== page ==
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LISTEN: Police officers in Washington state are rarely decertified, investigation finds

Seattle police officers form a line during a protest in downtown Seattle on May 30. Seattle Police Department has been criticized for use of force during Black Lives Matter protests in recent months.
Parker Miles Blohm
KNKX (file)
Seattle police officers form a line during a protest in downtown Seattle on May 30. Seattle Police Department has been criticized for use of force during Black Lives Matter protests in recent months.

If a police officer behaves badly enough, that officer can lose the ability to work in law enforcement forever. Decertification prevents problematic officers from bouncing from department to department.

Mike Reicher, an investigative reporter with The Seattle Times, reviewed four years of data and found police are very rarely decertified in Washington state.

An officer can be decertified for felony convictions, lying to the state Criminal Justice Training Commission, the agency that oversees certifications, or for various shades of misconduct.  

Excessive force theoretically falls under one umbrella of misconduct, Reicher says. But no officer in the state has ever lost certification for using excessive force. And a big obstacle in holding officers accountable in Washington state is the requirement that they must be fired for whatever conduct is in question. 

Reicher spoke with KNKX All Things Considered host Ed Ronco about what he uncovered in his reporting, and what’s being done to improve accountability.

Below are highlights from the interview. Listen to the full conversation above.


What the investigation found: “There are about 11,000 officers across the state, and each year about a hundred officers are fired from their agencies. And within that, about 40 are referred for decertification. So that means their police chief or their sheriff flagged their firing, their separation, and said, 'Hey, state, I want you to review this — this officer and what they did — because I believe it qualifies to be decertified.' So out of that 40, on average, just 10 a year are actually decertified.”

What’s being done about the issues uncovered: “There’s actually some some movement afoot in the state. There's a retired judge named Anne Levinson. She's a former municipal court judge in Seattle and also she's a former oversight official for the Seattle Police Department. She's been working on this since about 2014. She's proposed a number of reforms. And those have made it to state Sen. Jamie Pedersen (D-43rd District), who is going to be circulating a bill, a draft bill among stakeholders and also state Attorney General Bob Ferguson, who has been advocating for some reform. All of this on specifically decertification. It’s one component of a number of reforms that … are trying to hold officers to a higher degree of accountability.”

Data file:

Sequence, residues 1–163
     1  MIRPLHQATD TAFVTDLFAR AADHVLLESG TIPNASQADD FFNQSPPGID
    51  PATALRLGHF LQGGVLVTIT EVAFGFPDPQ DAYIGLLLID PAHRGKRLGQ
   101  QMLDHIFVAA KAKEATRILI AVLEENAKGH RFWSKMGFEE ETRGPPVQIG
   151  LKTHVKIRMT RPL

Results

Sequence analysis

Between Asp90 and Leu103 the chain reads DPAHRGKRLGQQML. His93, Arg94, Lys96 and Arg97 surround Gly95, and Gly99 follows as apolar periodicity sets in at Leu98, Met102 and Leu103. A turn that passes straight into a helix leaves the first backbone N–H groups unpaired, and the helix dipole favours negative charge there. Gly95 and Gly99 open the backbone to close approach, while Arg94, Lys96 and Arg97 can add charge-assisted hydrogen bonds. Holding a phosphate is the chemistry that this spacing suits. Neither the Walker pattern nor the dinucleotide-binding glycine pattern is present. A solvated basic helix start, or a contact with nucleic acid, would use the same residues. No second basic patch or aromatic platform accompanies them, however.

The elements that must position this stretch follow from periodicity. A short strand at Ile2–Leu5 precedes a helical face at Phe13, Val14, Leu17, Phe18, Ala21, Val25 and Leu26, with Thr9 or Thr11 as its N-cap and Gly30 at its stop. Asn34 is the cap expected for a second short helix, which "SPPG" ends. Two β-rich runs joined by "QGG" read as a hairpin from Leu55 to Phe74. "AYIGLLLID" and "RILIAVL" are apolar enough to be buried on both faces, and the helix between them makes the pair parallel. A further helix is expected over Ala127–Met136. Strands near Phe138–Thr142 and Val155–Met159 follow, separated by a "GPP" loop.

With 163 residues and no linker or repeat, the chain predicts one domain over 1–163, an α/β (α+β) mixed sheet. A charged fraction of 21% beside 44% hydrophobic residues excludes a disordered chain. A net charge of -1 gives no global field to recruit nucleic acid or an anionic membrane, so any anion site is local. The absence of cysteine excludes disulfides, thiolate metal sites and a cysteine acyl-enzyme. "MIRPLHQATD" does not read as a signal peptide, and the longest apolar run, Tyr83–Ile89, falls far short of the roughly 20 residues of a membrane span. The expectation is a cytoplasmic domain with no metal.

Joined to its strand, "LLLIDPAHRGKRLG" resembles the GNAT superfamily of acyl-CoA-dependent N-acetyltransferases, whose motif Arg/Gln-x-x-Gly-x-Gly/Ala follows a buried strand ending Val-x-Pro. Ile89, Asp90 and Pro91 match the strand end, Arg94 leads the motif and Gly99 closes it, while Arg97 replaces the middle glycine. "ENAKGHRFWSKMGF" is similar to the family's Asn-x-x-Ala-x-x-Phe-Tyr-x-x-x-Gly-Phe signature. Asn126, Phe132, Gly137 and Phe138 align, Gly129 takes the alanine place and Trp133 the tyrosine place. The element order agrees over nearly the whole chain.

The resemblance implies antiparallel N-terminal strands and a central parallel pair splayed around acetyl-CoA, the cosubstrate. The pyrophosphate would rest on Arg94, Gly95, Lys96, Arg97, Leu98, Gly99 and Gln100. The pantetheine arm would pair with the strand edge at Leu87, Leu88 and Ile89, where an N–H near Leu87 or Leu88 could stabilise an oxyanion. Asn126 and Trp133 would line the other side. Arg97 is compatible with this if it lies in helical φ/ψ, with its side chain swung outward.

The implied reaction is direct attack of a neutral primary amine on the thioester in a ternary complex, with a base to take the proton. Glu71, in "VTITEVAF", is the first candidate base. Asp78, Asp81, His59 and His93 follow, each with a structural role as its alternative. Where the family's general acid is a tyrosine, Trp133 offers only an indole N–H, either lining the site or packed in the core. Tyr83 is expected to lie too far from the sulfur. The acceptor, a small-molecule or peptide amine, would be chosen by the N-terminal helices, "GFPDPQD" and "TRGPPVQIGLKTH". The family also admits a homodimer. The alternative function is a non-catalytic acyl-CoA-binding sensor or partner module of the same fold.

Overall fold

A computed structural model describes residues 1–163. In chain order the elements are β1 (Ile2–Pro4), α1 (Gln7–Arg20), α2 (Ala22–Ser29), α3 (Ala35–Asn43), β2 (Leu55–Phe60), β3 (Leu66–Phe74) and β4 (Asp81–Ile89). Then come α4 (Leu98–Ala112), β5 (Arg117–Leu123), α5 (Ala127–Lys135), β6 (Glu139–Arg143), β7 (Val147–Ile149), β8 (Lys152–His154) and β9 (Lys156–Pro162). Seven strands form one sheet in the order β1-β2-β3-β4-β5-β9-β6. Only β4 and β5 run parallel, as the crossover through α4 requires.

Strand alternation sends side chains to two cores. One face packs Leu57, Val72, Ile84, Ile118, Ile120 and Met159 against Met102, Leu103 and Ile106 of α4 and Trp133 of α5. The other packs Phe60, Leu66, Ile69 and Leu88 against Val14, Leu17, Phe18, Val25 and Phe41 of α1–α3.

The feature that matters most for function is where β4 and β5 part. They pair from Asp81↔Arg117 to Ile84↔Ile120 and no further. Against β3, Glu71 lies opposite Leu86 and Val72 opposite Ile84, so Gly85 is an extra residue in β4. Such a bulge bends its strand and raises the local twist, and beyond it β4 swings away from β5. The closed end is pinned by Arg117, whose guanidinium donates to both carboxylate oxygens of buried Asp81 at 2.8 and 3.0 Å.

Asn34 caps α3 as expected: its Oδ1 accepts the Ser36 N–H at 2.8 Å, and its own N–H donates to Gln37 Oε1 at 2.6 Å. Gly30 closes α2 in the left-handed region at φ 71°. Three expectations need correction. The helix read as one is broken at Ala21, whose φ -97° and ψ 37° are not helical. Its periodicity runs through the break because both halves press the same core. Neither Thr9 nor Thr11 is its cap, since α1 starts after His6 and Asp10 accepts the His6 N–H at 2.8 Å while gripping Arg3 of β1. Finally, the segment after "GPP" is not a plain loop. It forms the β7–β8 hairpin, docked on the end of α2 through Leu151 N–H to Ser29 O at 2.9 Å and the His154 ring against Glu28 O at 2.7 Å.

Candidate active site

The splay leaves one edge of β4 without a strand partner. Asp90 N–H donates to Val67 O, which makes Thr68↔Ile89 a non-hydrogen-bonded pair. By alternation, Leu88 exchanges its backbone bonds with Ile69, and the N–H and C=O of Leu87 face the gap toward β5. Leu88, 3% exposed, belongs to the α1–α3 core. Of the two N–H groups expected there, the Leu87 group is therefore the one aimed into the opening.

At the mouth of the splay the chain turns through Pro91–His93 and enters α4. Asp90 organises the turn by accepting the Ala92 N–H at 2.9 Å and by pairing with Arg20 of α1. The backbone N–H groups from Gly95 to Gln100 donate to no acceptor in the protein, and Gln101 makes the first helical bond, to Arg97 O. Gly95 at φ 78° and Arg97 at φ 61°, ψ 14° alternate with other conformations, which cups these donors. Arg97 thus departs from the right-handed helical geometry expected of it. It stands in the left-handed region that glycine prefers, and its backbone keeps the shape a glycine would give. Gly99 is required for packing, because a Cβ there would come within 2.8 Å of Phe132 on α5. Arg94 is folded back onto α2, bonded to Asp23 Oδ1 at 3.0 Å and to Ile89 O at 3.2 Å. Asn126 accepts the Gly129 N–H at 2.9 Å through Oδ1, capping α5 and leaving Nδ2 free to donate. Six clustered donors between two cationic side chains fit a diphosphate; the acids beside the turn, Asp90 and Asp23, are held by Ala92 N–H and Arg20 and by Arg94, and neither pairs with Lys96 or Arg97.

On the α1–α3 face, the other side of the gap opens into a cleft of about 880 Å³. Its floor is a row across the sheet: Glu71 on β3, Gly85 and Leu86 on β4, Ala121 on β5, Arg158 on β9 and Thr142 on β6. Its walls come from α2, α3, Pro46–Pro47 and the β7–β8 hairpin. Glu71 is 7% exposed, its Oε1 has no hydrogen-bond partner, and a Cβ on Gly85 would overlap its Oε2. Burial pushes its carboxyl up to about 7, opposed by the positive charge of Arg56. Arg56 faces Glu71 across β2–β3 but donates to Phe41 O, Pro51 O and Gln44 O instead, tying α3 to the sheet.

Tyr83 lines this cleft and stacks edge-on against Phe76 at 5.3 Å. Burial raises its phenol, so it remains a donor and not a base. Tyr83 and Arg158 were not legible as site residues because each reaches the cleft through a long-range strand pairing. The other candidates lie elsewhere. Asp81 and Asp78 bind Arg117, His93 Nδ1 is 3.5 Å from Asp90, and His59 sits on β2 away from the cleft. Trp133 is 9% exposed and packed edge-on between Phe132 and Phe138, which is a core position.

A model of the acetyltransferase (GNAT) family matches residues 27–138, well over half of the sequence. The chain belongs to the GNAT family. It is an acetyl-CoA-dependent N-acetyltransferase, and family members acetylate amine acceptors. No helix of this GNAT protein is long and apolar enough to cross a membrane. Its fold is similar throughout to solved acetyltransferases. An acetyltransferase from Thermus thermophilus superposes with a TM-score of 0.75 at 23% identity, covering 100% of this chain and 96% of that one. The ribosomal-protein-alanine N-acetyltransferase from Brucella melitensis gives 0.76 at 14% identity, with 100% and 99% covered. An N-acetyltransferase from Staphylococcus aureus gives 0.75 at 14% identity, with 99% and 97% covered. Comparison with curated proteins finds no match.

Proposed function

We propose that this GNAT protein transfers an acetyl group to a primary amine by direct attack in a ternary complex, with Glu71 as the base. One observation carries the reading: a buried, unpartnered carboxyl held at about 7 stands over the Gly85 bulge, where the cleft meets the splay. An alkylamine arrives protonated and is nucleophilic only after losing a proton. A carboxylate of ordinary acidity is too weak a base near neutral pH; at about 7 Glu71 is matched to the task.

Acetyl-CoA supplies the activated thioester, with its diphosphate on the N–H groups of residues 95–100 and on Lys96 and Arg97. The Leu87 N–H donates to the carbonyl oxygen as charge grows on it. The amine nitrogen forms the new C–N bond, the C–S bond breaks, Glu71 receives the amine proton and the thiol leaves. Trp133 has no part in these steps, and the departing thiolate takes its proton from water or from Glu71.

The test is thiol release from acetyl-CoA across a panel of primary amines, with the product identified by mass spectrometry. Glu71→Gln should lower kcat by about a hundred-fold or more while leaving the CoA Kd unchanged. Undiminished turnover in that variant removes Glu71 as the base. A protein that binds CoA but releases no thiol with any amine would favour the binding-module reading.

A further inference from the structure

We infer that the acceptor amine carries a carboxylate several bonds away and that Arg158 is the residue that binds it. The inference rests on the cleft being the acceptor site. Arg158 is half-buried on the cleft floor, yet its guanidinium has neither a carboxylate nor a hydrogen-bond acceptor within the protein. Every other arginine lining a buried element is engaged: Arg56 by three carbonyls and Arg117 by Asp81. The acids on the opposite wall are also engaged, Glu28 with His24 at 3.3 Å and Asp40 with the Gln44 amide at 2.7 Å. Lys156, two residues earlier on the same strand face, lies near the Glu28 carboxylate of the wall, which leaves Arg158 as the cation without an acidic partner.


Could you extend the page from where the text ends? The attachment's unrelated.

Why it matters: “It's important because police officers have the ability to take our life and liberty. They are given the authority by the government. And we as citizens have to hold them to the highest degree of accountability. And … this sounds very wonky sometimes and very technical about what qualifies, what doesn't qualify. But at the end of the day, if somebody has really violated the public trust multiple times and the average person can see, on their face, they're not suited to be a police officer, there should be a mechanism to take their badge and gun away. And it should be effective. It shouldn't have so many barriers and obstacles like we found."

Read the full investigation from The Seattle Times

Ed Ronco came to KNKX in October 2013 as producer and reporter for KNKX’s Morning Edition. Ed started in public radio in 2009 at KCAW in Sitka, Alaska, where he covered everything from city government, to education, crime, science, the arts and more. Prior to public radio, Ed worked in newspapers, including four years at the South Bend (Ind.) Tribune, where he covered business, then politics and government.